Monday, December 22, Kislev 30. It was the sixth day of Hanukka, which should have been a cheerful and happy day. In Brooklyn, New York, it was not only a day of gray sky and chilled air but also a mournful, pensive day. Despite the joy of Hanukka and the coming of Christmas and Kwanzaa for others within this part of New York City, the people of Brooklyn were saddened by the violent deaths of two police officers two days earlier.

Saturday, December 20, Kislev 28. Around 3 p.m. two members of the New York Police Department, Rafael Ramos and Wenjian Liu, were shot while sitting in their patrol car, which was parked on Tompkins and Myrtle Avenues in Brooklyn. Their car was across the street from the Tompkins Houses, a public housing development. Earlier in the day the gunman had boasted and threatened on social media that he would kill cops. After shooting each officer several times the gunman Ismaaiyl Brinsley, ran to a nearby subway train stop and shot himself dead on the platform.

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The officers were stationed in Bedford-Stuyvesant, a neighborhood in central Brooklyn. The population of “Bed-Stuy” as it is often called has changed over the years. In the early part of the 1900s it was heavily Jewish. You could find many shuls on nearby streets such as DeKalb Avenue, Gates Avenue, Kosciuszko Street, Lewis Avenue. Those shuls closed up when Jews moved away in the post World War Two years and many more African-Americans replaced them. (Most of those shuls were changed into churches.) In recent years the neighborhood has become more diverse: in addition to poor and working-class African-Americans and Latinos, there are yuppie/hipster whites, Asians and African-Americans as well as a growing number of Satmar Hasidic Jews, who have moved south from the Williamsburg neighborhood. The Bed-Stuy area had been quite crime-ridden in the 1970s and 1980s but in recent years crime had fallen. This double murder of police officers was thus a shocking, maddening reminder of the bad old days.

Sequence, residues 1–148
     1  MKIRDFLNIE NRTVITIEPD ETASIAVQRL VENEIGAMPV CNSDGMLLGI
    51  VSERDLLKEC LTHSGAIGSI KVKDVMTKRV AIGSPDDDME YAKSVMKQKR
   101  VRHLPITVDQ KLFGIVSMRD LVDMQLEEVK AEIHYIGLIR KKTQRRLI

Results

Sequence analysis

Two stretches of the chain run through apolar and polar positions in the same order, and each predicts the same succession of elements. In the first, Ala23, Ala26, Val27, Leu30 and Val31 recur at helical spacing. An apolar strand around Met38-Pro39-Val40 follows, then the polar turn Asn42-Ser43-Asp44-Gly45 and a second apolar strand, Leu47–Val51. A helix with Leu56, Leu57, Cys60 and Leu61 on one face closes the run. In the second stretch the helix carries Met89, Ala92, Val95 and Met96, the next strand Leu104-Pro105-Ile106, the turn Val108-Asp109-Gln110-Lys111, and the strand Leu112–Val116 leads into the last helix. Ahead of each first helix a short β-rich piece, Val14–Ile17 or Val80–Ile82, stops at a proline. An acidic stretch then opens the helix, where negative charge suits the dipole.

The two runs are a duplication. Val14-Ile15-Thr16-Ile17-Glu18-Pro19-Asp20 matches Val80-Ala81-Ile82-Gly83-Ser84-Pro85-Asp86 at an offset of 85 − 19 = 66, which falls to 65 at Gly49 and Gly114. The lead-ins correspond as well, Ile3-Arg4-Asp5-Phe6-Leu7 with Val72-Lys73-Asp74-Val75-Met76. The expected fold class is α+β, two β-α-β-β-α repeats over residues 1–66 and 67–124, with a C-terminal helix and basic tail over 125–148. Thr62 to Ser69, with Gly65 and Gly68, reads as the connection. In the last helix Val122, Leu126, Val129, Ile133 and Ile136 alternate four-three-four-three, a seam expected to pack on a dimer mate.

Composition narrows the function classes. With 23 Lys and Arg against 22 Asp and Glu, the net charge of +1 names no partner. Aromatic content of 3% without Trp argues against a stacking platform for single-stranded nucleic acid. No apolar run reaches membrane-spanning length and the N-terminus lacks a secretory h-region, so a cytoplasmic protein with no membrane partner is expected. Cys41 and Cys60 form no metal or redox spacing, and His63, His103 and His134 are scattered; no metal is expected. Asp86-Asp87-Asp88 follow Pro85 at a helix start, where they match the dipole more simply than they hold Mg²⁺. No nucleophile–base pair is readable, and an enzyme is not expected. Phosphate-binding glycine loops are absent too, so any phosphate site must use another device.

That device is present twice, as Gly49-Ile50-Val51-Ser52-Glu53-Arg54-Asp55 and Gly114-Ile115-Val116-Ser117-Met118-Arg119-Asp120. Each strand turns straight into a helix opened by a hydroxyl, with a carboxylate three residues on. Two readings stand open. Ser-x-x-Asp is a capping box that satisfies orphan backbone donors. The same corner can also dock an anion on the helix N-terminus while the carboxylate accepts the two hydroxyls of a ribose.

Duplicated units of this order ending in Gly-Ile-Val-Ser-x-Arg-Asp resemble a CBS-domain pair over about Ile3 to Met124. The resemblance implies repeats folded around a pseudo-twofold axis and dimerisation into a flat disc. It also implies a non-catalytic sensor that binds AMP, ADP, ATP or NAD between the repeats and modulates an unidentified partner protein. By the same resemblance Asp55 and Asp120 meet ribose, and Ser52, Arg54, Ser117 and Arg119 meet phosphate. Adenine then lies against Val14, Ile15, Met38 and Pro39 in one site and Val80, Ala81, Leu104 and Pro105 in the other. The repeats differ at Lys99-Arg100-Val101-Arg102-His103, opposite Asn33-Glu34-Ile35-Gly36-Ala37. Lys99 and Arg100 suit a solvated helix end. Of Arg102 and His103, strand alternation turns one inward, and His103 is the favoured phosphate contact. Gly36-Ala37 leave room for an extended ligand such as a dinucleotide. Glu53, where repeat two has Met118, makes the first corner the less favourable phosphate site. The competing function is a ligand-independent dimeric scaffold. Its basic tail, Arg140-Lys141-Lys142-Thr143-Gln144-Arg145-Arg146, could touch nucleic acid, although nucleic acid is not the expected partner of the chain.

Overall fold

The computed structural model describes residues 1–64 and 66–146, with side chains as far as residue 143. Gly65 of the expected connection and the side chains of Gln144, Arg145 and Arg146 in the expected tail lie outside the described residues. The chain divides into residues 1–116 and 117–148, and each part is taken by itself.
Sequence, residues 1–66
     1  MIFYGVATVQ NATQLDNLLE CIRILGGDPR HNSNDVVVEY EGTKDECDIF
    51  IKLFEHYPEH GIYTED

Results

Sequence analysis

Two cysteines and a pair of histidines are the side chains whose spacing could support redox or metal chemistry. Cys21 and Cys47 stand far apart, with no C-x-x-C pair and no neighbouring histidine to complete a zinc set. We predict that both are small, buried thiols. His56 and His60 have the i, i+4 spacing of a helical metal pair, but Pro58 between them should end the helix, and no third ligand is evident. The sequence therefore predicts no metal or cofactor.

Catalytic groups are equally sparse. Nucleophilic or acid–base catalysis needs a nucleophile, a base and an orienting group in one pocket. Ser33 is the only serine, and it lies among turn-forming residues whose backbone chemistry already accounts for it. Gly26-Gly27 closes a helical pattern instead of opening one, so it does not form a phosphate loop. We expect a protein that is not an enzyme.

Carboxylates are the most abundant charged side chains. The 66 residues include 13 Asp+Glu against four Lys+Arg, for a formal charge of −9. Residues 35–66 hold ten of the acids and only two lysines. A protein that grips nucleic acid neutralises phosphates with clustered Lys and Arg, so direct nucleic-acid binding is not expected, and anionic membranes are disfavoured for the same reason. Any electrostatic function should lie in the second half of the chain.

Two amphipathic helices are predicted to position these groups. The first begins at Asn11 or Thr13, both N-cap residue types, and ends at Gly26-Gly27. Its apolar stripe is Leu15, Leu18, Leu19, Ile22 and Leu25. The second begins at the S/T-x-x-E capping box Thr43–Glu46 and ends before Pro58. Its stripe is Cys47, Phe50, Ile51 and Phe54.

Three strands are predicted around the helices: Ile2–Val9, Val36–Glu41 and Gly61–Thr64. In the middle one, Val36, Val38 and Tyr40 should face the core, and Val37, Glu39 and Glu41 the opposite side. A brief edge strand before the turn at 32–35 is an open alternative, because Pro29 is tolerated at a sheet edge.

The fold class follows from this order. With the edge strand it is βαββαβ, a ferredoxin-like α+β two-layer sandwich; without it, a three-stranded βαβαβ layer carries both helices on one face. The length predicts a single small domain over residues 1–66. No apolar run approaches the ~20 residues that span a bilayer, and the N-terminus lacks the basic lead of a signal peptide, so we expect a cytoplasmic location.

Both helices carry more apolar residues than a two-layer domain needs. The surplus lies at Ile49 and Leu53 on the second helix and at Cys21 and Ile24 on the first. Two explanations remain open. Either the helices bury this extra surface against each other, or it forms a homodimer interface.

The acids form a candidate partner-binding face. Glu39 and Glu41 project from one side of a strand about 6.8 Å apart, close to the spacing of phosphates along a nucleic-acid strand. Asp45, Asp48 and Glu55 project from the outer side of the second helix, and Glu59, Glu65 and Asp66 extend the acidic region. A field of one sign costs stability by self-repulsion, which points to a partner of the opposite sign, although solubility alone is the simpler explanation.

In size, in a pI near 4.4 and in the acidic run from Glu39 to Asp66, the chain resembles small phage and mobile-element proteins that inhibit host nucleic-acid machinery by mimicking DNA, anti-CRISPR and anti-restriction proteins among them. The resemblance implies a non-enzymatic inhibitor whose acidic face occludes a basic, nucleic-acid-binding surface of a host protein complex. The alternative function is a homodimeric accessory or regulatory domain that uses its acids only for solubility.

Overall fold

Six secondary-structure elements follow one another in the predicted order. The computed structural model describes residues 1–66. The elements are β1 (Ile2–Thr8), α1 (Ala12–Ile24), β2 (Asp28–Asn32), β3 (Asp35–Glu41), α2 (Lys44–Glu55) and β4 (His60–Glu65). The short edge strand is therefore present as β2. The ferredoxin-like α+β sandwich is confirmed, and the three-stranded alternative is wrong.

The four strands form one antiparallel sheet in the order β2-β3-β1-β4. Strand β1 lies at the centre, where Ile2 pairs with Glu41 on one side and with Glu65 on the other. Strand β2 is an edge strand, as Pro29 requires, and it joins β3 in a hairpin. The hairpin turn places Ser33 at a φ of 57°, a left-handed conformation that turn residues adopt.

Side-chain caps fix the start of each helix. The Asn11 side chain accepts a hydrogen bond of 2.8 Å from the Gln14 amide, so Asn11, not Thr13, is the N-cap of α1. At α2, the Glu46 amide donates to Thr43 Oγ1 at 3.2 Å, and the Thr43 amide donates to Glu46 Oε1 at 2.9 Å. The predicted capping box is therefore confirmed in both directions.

I used to teach at a school just one block away from the murder so I was familiar with the exact spot of this awful crime. A makeshift memorial had been created by many people who brought commemorative offerings. I drove over to see this, pay my respects to the downed men, and feel the tempo of the neighborhood. I stood in front of the burgeoning collection of candles (some lit, some not, most in glass jars), bouquets of flowers, hand-written signs, an American flag attached to the wall, red-white-and-blue ribbons, a blue balloon (for “blue lives”, a reference to the police) and a stuffed teddy bear toy.

I noticed a few young Orthodox Jewish men who stood at the corner, gazing at the collection. Then I noticed that amidst the offerings was a menorah, about three feet high and five feet wide, with glass jars lit for Day Six of Hanukka. Everyone who gathered around was quiet, so I did not ask the Hasidic men about their impressions of this. Were they paying their respects or had they just wandered by? Were they curious about this assemblage or well aware of what happened this past Shabbat? Were they surprised to find a menorah in the memorial setting, or had they actually set it there?

Yes, Hanukka in Brooklyn in 5775, 2014 had a sad overtone. I hope the next Hanukka will be happier.
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